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  • Weather

    14° C Clear sky
  • Time

    12:58 PM
  • Wine average?

    93.1 Tb
  • Country Ranking?

    9
  • Region Ranking?

    2
  • Popularity ranking?

    182

History

Our aim is to make great wine, with the preservation of nature’s flavours, complexities and balance in our wines by using minimal intervention in our vineyards and in the cellar – to allow the individual vineyard’s “terroir” or sense of place to express itself by ‘interfering’ as little as possible.

Our wines are grown, made and bottled entirely on the estate from our own grapes, using organic and biodynamic principles. We produce our own biodynamic composts and have never used synthetic chemicals on either the vines or the soils, since our vineyards were planted in 1975.

Viticultural practices are simple: own rooted vines (ie. not grafted on to American rootstocks to confer Phylloxera resistance), no irrigation whatsoever, minimal tillage, natural inter-row mulching leading to broad bio-diversity, very low yields giving depth and intensity to our wines. Only hand pruning of the vines and hand harvesting of the fruit can allow us the human connection to our living soil.

Established by Ron and Elva Laughton, ever since the first vintage in 1982 Jasper Hill has been a small, family business. The 2015 vintage was our 34th. As the vineyards and their two daughters have grown over the years, both Emily and Georgia continue to work within the business. Emily has been passionately growing grapes and making wine alongside her father since 2001, whilst Georgia enjoys doing most of the administrative work. Ron and Elva live amongst the vines on Emily’s Paddock; Emily lives on Georgia’s Paddock vineyard with her husband Nick, daughter Ella and son Nate. Nick is also a highly valued member of the team, both in the vineyard and in the cellar. Only time will tell, if the next young generation will continue the wine making tradition of their grandfather and mother.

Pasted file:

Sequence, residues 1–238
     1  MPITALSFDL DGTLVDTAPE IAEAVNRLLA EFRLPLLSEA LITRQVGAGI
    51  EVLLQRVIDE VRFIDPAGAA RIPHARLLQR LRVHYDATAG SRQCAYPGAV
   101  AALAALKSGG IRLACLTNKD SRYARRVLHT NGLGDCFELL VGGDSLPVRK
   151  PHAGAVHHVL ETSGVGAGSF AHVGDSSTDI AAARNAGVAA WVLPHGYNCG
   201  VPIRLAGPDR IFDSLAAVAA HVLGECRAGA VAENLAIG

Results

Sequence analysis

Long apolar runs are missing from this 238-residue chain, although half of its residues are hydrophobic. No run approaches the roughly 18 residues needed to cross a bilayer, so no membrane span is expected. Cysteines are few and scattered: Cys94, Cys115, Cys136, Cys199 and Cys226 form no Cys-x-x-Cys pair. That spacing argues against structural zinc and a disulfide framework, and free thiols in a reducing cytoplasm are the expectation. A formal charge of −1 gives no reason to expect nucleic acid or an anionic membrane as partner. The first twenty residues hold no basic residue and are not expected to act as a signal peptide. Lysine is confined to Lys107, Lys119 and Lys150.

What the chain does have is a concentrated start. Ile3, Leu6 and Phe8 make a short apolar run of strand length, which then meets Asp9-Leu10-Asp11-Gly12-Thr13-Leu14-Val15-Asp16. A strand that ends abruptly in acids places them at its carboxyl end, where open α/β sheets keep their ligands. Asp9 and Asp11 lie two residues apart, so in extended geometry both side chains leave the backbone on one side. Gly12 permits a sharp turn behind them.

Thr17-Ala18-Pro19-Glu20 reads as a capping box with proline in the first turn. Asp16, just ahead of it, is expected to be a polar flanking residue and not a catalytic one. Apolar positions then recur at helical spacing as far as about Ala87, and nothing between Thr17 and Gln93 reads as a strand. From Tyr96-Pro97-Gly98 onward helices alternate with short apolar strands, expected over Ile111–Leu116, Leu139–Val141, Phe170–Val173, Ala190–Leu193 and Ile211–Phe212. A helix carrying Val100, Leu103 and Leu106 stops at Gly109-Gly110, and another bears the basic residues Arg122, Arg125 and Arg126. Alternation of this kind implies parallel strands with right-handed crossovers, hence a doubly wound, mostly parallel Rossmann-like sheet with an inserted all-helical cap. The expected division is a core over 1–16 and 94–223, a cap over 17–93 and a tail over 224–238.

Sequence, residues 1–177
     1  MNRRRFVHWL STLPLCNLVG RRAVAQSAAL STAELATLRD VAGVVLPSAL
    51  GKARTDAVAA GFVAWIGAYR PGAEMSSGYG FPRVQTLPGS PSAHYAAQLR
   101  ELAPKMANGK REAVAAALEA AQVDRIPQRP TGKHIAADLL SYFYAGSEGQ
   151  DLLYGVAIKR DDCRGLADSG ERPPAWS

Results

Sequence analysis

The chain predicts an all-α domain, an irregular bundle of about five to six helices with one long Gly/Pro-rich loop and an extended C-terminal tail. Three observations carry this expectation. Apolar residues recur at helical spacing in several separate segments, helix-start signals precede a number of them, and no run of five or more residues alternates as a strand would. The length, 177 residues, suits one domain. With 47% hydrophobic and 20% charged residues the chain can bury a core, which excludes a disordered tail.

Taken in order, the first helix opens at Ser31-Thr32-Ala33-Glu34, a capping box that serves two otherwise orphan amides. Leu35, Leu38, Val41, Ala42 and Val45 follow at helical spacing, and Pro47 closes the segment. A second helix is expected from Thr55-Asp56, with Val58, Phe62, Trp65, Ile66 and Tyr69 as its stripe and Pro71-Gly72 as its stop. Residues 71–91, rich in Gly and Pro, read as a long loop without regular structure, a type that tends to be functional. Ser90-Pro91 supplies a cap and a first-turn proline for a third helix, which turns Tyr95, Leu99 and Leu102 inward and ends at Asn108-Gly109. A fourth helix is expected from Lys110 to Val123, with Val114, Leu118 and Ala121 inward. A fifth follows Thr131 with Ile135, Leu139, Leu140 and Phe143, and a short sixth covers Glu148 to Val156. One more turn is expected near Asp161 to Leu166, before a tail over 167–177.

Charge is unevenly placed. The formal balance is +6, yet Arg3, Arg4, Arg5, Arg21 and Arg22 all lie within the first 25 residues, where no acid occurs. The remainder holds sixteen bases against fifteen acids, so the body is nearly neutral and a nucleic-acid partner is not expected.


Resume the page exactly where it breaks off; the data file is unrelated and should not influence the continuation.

With more than three decades behind us and many accolades for our wines, Jasper Hill has become synonymous with Heathcote, shiraz wine in particular, and is regarded as one of the pioneers of this relatively new and exciting wine region.

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Vineyards

Our soils are derived from Cambrian period basaltic rock of 500/600 million years age.

They are quite rare in the world because of their great age, particularly in Australia. Here in Heathcote they are unusually deep (up to 4 metres), rusty red coloured, well drained, gravelly loams on undulating hillsides, with good moisture retention capabilities.

Occurring in a narrow, non-contiguous strip between two North/South running faults, they are typically only a few hundred metres wide. The faults give rise to a complex mineralogy within the soils.

Soil organic matter is high, allowing great bio-diversity in micro flora and fauna, supporting large earthworm populations – highly beneficial for natural soil fertility. No synthetic chemicals have ever been applied to the soil or vines; the vineyards are totally organic; no insecticides, no herbicides, no synthetic fungicides and no artificial fertilisers. We produce our own organic compost for vineyard dressing.

The soil surface is either covered in mulch derived from vine prunings, leguminous cover crops and native grasses, or is lightly cultivated occasionally, with aeration, using lightweight 4WD tractors to minimise soil compaction.